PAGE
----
There’s lots of arguments for same-sex marriage. Andrew Barr — ACT deputy chief minister, member of Labor’s National Right caucus, a delegate to the forthcoming ALP National Conference and a gay man — makes a pretty compelling case in Crikey today:
“The fact that I am gay has resulted in me being deemed a second-class citizen under Australian law. That is because under Australian law I cannot marry the person I love, the person that I am committed to.”
But this might be the definitive one: allow us to introduce John, who bravely commented on our story yesterday detailing Labor’s internal squabbling over the issue ahead of this weekend’s party conference. He wrote:
My partner and I have been in a same-sex de facto marriage for 36 years. He has cancer, heart disease, diabetes and dementia.
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His sister and his nephew interfered in our de facto marriage this year when my de facto husband’s health deteriorated. They failed to respect our registered relationship certificate and my enduring power of attorney and enduring guardianship.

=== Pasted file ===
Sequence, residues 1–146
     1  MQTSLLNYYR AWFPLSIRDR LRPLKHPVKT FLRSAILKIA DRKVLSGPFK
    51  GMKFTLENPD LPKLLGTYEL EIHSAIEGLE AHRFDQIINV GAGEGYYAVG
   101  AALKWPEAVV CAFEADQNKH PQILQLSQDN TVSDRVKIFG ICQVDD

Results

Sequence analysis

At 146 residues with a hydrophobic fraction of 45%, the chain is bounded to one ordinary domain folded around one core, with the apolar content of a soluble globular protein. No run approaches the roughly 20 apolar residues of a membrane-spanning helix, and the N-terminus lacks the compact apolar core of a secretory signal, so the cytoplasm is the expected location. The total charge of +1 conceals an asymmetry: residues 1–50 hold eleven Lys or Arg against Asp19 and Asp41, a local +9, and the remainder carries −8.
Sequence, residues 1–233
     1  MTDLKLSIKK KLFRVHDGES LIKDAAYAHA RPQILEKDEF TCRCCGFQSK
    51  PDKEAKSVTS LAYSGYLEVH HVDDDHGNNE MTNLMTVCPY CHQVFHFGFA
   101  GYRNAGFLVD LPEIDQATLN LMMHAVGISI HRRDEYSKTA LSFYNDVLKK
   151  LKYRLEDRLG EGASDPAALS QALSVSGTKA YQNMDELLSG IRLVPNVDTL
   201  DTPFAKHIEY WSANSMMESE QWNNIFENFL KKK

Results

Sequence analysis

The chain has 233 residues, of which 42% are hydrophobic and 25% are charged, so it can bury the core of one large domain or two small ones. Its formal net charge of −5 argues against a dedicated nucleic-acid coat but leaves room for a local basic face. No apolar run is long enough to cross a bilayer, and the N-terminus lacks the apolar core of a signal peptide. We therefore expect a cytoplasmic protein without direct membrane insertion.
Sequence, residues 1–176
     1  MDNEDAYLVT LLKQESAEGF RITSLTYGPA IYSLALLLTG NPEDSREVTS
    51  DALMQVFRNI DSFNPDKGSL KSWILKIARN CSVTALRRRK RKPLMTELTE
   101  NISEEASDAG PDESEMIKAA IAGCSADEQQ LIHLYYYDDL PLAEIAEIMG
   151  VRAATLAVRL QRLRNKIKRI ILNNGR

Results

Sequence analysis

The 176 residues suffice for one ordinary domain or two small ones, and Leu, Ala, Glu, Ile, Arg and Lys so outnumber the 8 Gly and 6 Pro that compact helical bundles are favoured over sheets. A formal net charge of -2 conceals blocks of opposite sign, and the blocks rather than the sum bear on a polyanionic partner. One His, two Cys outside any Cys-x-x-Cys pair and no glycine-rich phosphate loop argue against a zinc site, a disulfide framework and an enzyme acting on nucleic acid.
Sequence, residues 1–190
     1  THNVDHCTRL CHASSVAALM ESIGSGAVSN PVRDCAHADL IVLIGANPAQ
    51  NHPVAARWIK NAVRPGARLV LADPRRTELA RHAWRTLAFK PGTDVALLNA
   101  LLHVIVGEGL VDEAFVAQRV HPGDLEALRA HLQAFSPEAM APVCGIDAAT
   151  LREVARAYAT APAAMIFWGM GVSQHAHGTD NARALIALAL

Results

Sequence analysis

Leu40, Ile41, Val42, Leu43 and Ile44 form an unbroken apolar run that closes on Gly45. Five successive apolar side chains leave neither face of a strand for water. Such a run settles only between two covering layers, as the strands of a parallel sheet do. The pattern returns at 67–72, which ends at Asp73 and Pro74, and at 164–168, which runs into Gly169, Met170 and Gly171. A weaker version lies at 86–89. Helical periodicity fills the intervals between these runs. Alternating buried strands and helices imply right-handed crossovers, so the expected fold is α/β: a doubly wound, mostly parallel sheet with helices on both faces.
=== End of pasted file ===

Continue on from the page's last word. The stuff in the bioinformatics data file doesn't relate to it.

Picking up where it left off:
I didn’t interfere when his sister dumped her husband in a nursing home three months after beginning to interfere in my de facto marriage.
The obvious point of difference is that she has a legal marriage where ours is merely de facto. His sister and nephew are obviously still sufficiently homophobic after all these years that they don’t respect our de facto marriage.
The only way to remedy this problem is to legislate for same-s-x marriage.
To the Labor members who blithely claim they have already removed all discrimination from the law books, to those who say gay marriage is nothing but a symbolic gesture and isn’t a public policy priority — try telling that to John.